The dysregulated glucose and lipid metabolism in addition to systemic inflammation also eventually leads to damage of the large and small arteries. In the large arteries, this leads to what is called macrovascular damage, or increased inflammation and development of plaques in the artery walls. As the plaques grow they can restrict blood flow or rupture and cause blockages in arteries in places such as the heart or brain, leading to heart attacks or strokes. The same thing can happen in the legs leading to peripheral artery disease.
In addition, exposure of the small arteries to high levels of blood sugar, oxidative stress, and other inflammatory compounds leads to decreased blood flow to the eyes (leading to blindness), to the kidneys (leading to kidney failure and eventually dialysis), and to the nerves (leading to impotence and diabetic foot disorders which include severe infections leading to amputation). These are known as microvascular complications of metabolic syndrome.
The gut microbiome is also emerging as an important player in the development of systemic inflammation and metabolic dysfunction, which is also strongly affected by the food we eat, stress, sleep, and exercise.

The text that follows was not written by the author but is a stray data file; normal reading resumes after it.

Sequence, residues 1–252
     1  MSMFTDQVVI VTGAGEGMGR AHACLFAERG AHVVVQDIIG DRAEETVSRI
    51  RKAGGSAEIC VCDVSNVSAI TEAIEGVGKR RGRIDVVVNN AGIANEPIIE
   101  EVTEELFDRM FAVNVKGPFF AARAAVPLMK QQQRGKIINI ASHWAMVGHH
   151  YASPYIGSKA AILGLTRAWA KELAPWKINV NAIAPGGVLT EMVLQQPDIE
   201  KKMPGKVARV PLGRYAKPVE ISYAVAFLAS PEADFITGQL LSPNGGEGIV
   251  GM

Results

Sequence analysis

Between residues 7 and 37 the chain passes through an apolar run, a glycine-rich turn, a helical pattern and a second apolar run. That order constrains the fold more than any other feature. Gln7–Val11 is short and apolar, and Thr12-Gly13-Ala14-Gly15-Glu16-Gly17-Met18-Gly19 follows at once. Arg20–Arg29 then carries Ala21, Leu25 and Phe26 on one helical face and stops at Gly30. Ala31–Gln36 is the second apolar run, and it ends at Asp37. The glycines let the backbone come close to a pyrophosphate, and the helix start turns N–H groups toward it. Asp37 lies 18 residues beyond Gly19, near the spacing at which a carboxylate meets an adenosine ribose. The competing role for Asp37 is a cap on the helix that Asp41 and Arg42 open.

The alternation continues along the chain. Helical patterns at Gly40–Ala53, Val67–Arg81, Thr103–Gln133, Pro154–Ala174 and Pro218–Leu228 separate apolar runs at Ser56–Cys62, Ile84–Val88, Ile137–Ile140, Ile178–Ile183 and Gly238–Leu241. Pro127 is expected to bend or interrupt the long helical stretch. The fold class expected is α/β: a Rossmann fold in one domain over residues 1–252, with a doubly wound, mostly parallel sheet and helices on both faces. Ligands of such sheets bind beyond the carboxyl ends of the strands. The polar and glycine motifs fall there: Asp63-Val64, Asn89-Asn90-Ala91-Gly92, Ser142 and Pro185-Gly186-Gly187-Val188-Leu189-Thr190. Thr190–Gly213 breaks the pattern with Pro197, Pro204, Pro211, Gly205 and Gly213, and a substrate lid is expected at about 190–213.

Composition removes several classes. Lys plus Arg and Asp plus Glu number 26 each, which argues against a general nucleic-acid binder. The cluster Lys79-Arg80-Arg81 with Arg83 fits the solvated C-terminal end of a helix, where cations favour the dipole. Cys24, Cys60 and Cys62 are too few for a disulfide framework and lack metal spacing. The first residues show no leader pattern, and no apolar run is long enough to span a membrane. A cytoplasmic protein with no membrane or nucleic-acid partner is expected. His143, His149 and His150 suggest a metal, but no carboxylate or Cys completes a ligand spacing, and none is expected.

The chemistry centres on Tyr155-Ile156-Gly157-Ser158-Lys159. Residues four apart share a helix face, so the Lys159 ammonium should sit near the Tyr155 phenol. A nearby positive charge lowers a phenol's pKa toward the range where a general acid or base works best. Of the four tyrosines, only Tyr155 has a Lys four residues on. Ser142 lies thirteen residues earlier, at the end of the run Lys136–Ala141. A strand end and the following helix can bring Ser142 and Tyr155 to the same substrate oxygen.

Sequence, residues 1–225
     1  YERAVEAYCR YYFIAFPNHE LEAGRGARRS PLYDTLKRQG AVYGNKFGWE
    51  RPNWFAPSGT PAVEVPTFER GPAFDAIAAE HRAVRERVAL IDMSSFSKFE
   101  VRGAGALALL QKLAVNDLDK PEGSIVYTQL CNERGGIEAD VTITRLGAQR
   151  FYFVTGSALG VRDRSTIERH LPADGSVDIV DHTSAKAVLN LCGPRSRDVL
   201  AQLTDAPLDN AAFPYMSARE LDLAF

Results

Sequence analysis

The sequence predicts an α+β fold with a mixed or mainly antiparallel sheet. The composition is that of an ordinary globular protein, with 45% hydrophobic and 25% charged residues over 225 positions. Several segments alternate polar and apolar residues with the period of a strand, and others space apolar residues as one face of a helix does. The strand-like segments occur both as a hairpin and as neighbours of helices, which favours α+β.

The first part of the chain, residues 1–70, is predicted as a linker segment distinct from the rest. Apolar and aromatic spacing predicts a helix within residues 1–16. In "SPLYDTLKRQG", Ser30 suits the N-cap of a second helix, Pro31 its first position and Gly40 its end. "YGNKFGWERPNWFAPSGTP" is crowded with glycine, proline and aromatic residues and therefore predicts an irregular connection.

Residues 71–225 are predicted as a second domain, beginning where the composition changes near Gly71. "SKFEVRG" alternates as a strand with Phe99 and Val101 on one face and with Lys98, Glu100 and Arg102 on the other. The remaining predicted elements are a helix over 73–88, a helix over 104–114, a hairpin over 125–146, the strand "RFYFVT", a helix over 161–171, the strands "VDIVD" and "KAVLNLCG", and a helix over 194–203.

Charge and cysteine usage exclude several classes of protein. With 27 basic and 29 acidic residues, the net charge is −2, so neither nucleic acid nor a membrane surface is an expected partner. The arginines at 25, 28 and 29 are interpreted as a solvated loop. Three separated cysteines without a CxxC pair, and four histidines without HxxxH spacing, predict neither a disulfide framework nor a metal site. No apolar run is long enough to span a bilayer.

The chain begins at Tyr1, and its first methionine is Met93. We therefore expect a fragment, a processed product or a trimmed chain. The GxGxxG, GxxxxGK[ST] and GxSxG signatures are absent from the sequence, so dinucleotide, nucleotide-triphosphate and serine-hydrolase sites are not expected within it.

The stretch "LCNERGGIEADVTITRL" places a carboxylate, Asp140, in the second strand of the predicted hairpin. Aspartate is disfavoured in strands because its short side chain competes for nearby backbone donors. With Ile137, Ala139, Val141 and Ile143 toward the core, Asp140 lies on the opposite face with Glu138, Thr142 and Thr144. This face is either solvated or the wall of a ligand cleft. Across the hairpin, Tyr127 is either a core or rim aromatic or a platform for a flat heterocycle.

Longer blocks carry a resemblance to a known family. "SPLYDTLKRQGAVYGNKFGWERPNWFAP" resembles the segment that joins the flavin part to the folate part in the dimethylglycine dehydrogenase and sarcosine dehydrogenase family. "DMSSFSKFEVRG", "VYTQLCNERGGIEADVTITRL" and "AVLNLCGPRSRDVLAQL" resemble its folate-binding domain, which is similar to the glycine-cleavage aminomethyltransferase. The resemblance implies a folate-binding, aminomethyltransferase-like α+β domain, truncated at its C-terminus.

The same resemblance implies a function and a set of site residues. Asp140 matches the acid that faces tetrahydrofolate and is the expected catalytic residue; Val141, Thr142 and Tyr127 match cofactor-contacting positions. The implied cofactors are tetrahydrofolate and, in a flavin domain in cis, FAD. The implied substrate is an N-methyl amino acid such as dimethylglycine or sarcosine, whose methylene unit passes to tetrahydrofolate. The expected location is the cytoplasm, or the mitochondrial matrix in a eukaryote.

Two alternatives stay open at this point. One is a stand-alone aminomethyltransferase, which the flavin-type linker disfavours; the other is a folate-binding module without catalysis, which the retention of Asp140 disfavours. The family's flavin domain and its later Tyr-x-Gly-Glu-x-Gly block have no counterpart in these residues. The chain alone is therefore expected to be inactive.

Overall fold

Now that we’ve covered what metabolic dysfunction is and how it progresses from a silent process to life-threatening disease, we’ll review how to assess metabolic health. Below, we’ll review how to assess each of the five hallmarks of metabolic syndrome, as well as systemic inflammation.
Because lean muscle tissue and fat tissue act very differently from a metabolic and hormonal perspective it is important to assess the presence of each. There are many different ways to estimate body composition and the presence of fat mass, and each has strengths and limitations. We’ll cover some of the most commonly used methods below:
Table from IFM Cardiometabolic Advanced Practice Module. Source: Ford ES, et el 2002.
Below are some of the ways body fat percentage can be measured:
Although a blood pressure >130/85 or being on medication to treat high blood pressure was a criteria for metabolic syndrome, remember that blood pressure exists on a continuum, and increased cardiovascular risks have been identified at even lower blood pressures than 135/85. Below are the stages of hypertension: